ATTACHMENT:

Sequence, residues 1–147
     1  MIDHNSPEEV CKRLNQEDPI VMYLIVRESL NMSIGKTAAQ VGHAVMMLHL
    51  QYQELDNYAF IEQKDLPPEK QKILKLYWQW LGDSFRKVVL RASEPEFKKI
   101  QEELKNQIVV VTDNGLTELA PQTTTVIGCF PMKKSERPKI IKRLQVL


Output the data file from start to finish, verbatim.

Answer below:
Sequence, residues 1–147
     1  MIDHNSPEEV CKRLNQEDPI VMYLIVRESL NMSIGKTAAQ VGHAVMMLHL
    51  QYQELDNYAF IEQKDLPPEK QKILKLYWQW LGDSFRKVVL RASEPEFKKI
   101  QEELKNQIVV VTDNGLTELA PQTTTVIGCF PMKKSERPKI IKRLQVL